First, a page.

NZCTU President Richard Wagstaff is concerned that the Government’s welfare and employment policies will make it harder for people who lose their jobs, following the release of new employment data.
The data shows that unemployment rose for the December 2023 quarter, to 4%, and the Treasury and Reserve Bank both expect it will rise to 5% by the end of this year. In real terms, that means a further 60,000 people will be unemployed, compared to 2022.
“Unemployment is always stressful, but the Government’s recent policy decisions will make things even more difficult for displaced workers,” said Wagstaff.
“The Government has ended work on the income insurance scheme, which would have provided displaced workers with up to seven months of financial support after losing their job, at 80% of their salary or wages. This would have helped to reduce the high rate of wage scarring – the pay cut that workers often experience as a result of losing their job – that New Zealand has compared to our OECD peers, and supported workers to upskill and retrain.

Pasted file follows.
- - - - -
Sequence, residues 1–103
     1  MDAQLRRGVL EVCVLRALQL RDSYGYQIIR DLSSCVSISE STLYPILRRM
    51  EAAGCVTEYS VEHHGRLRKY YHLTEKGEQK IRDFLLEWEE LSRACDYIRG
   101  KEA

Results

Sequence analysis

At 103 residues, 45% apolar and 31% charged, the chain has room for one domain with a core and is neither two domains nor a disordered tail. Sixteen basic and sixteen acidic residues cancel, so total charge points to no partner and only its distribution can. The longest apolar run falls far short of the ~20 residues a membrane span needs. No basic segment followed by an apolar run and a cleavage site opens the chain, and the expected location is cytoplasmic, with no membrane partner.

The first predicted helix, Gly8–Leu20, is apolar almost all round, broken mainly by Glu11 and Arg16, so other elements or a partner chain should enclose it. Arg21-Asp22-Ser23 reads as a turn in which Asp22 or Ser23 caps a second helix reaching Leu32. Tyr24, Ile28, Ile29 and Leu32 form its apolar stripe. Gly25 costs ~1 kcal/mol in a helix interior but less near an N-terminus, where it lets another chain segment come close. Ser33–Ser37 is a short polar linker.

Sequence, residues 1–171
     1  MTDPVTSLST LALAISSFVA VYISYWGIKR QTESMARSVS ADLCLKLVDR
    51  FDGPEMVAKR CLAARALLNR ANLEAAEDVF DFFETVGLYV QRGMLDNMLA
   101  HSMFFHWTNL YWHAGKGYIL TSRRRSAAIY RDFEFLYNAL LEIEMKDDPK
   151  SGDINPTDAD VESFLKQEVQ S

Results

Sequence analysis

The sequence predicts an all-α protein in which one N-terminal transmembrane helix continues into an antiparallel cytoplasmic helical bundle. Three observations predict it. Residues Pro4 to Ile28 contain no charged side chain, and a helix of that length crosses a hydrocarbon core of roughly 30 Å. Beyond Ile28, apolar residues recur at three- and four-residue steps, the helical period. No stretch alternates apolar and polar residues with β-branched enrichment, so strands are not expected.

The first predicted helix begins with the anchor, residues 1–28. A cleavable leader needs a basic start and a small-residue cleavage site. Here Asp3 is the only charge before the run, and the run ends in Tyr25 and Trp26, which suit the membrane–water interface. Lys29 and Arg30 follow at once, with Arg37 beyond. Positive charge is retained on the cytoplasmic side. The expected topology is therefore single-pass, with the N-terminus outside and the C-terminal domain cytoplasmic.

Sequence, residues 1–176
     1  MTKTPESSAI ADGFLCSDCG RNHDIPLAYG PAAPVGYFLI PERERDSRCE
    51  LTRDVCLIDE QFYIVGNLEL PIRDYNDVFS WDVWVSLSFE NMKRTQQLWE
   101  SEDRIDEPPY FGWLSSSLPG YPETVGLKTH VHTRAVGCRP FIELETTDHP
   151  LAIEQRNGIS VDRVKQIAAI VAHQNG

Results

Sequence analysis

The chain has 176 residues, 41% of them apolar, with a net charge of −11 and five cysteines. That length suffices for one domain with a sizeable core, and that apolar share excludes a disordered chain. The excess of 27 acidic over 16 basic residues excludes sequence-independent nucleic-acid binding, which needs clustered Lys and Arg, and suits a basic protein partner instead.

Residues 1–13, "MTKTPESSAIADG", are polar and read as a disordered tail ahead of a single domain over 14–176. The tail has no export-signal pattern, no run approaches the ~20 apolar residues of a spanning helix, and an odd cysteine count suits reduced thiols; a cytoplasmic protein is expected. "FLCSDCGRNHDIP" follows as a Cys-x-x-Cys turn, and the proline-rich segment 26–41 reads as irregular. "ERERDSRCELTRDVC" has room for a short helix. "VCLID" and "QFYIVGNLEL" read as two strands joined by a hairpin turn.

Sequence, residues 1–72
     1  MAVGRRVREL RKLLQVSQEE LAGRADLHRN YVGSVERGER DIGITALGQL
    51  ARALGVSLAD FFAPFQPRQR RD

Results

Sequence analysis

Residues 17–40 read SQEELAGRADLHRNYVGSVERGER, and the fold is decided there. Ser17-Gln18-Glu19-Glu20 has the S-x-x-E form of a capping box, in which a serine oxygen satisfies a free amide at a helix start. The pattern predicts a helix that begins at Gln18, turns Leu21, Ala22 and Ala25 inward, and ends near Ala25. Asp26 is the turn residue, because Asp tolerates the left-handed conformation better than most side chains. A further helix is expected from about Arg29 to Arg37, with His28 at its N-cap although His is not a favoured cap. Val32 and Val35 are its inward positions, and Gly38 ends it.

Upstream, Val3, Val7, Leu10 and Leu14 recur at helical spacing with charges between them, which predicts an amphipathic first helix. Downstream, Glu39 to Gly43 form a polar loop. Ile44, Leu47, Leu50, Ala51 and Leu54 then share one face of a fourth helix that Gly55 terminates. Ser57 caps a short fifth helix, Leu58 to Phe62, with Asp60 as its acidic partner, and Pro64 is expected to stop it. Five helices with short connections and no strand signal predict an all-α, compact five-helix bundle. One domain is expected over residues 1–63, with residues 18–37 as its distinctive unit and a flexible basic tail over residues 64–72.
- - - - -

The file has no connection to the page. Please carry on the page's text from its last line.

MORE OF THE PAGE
“The Government has announced its intention to introduce new sanctions for welfare recipients. But the evidence is clear that this punitive approach to welfare doesn’t work, and only serves to compound social harm and increase poverty.
“The Government has also extended 90-day trials to businesses of all sizes, meaning that many job seekers who do find work will feel insecure in their employment for the first three months. As with their other policy decisions, there is no evidence that 90-day trials increase employment.
“Instead of helping people through the cost-of-living crisis, the Government’s policies are further reducing employment security, and increasing poverty,” said Wagstaff.